Have you been paying attention to the Transportation Security Administration (TSA) during the COVID-19 epidemic?
No? Neither have I.
But while you weren't looking, the agency hit up the government for more money. It'll probably get it. The TSA also announced it would hire 6,000 more screeners in anticipation of a busy summer travel season.
The TSA has become an unofficial barometer for pandemic travel. When the number of daily air travelers exceeded 1 million in October, the agency sent out a news release. Maybe it should have waited a few months before suggesting that air travel was back.
But that's nothing compared to the agency's systemic problems, which seem to have gotten worse. You can read all about the TSA's recent missteps on the Department of Homeland Security Office of Inspector General reports. They include lax hiring standards and carelessly maintained full-body scanners, among others.
So we have a bloated, incompetent agency that's expanding. What could make it even worse? Mistreating its customers. A case that crossed my desk recently will leave you shaking your head and worrying about the future of the agency tasked with protecting the nation's transportation systems.
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Abandoned at TSA screening
Margo Tomaras flew out of Chicago's O'Hare Airport last week. She traveled with her sister, who needs a wheelchair and is deaf, visually impaired, and mildly developmentally disabled. Here's what happened when the TSA screened the sisters.
"When it was our turn, I told the TSA staff I needed to stay with my sister because she is deaf and needs to be told in sign language what to do," she says. "They told me to go through first."
Tomaras proceeded through the screening area and waited for her sister.
"No one was bringing her through," she says. "She started to panic because she did not know why I had gone through and she was sitting there."
After a long wait, a TSA employee wheeled her sister through the screening area and proceeded to do a "very aggressive search" of her. When the wheelchair set off an alarm, as wheelchairs are prone to do, the agent yelled at her sister, who could not hear anything.
Tomaras says the TSA mishandled her screening.
"When you have a deaf person who can't hear commands and with the COVID situation can't even see people’s mouth moving, shouldn’t the TSA people be more understanding, instead of being rude and vindictive?" she asked.
What say you, TSA?
I was troubled by this case for several reasons. First, this experience directly contradicts the TSA's published policy for screening people in wheelchairs. No helpful employee met Tomaras and her sister at the screening area to assist them. Instead, the TSA separated them — and then scolded them.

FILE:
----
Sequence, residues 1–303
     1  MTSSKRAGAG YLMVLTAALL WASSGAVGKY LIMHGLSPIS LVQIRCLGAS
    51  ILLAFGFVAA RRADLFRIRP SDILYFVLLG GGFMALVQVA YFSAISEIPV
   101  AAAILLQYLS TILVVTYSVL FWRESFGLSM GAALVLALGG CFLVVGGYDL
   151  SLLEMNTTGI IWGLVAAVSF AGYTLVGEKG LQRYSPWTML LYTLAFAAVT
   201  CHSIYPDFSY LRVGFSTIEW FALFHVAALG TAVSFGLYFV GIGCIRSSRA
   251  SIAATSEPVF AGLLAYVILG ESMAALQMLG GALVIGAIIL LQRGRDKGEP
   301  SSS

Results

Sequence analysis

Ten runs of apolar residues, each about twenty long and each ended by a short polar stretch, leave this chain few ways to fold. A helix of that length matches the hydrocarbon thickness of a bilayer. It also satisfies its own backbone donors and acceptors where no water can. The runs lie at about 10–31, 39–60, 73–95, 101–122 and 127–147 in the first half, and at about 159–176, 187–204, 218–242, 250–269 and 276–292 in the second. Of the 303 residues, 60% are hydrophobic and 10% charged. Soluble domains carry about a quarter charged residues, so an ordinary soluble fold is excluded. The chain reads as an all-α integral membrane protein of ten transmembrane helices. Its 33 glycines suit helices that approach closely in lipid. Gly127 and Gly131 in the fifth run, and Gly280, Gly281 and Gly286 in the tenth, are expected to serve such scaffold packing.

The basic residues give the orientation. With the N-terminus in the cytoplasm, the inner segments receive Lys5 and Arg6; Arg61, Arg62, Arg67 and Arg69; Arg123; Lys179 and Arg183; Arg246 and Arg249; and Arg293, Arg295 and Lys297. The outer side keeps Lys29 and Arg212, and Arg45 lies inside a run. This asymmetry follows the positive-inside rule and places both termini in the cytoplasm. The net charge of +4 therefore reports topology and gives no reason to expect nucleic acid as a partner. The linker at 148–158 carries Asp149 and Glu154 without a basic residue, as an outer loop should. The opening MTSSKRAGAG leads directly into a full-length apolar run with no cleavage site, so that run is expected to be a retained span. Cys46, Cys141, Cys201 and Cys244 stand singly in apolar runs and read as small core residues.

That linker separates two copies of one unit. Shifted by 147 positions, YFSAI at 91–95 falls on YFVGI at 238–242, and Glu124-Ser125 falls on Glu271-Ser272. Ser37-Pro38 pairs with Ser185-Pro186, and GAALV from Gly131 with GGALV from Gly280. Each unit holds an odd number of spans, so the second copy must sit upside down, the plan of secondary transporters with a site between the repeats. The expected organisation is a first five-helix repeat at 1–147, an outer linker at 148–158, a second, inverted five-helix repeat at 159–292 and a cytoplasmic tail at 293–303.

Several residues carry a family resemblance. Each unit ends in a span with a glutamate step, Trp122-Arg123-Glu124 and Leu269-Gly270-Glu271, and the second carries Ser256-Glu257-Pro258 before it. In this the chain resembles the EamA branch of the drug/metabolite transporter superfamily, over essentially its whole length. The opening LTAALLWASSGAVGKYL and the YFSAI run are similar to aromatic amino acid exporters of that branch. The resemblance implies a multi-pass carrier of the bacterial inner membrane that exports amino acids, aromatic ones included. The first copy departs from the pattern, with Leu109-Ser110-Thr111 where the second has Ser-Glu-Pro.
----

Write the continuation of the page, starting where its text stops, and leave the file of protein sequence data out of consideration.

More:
But there's also this: With the TSA screening only about 1 million air travelers a day — roughly half as many as it did in 2019 — you would expect it to provide terrific customer service. There should be more screeners on duty, offering customer-friendly screening with a smile. Not that we can see them smile through their face masks, but we can imagine it.
And I know from experience that there are two sides to every story. I really wanted to include the TSA's version in this newsletter.
So I asked. I contacted the TSA with a few questions. Given the mask mandates, has TSA made any special arrangements for anyone with hearing disabilities? Did it follow those procedures for Tomaras and her sister? And was there something Tomaras could have done differently to ensure her sister wasn't left alone during her screening?
The TSA didn't respond.
So I asked again. Nothing.
What has happened to the TSA while we weren't looking
Is it possible that while we were worrying about COVID and ignoring travel because hardly anyone was flying, the TSA got even worse?
I hope that Tomaras' problem was an aberration — one agent having a bad day. I hope that the TSA's public affairs department never received my messages and wasn't ignoring me.
But experience tells me that's not what happened. The TSA has a long history of treating air travelers, who fund the agency, with disrespect, and this is likely a continuation of that pattern.
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Instead of asking for more money for additional employees, maybe the TSA should focus on screening all passengers before they get to the airport. That way, people like Tomaras and her sister can walk to the gate without being poked, prodded and berated. That's where they should be spending money.
Charles Marshall once defined integrity as doing the right thing even when no one is watching.* We haven't been watching for the last year. But it didn't take a pandemic to confirm our suspicions about the TSA's integrity.
Tips for surviving a pandemic TSA screening
If you have a special need, contact the agency in advance. Get in touch with the TSA at least 72 hours before your departure and let them know you're coming.
Don't assume anything. The pandemic has made screening even more complex and unpredictable. If you haven't flown since the outbreak, you may be in for a surprise. That was certainly the case with Tomaras, a frequent air traveler.
Know your rights. Yes, you have rights. I outline them on my nonprofit consumer advocacy site. For example, they can't just push you through one of those full-body scanners at the airport. You can say "no."
💬 OK, over to you. Tell me about your pandemic screening experiences. Is the TSA doing better — or worse — now. Any thoughts on the agency's institutional integrity?
* The quote is sometimes also attributed to C.S. Lewis, but he apparently never said that, despite all those inspirational posters on Etsy that claim otherwise.